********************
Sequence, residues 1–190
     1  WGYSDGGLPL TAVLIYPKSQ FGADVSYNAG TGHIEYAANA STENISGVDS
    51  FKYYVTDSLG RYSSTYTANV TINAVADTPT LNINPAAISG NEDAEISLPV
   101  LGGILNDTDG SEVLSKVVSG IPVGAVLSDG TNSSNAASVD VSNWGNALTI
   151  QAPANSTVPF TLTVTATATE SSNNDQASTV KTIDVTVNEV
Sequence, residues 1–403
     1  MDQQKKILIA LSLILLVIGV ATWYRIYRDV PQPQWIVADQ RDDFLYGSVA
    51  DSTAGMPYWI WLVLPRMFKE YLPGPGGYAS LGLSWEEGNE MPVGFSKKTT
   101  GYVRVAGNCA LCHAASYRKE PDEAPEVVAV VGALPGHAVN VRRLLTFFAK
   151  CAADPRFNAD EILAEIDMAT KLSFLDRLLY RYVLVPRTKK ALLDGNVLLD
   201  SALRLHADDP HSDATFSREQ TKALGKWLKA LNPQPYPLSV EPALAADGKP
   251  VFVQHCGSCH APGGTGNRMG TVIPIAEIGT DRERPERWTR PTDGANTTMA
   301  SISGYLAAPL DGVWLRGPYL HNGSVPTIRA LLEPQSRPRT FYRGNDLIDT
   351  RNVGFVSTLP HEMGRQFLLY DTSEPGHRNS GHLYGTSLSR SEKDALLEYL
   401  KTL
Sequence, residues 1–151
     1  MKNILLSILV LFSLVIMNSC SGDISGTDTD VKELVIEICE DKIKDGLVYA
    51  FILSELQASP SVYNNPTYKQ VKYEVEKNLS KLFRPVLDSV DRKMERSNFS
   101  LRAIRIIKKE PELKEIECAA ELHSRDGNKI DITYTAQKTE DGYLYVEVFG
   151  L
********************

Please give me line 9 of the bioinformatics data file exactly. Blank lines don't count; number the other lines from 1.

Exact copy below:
   101  GYVRVAGNCA LCHAASYRKE PDEAPEVVAV VGALPGHAVN VRRLLTFFAK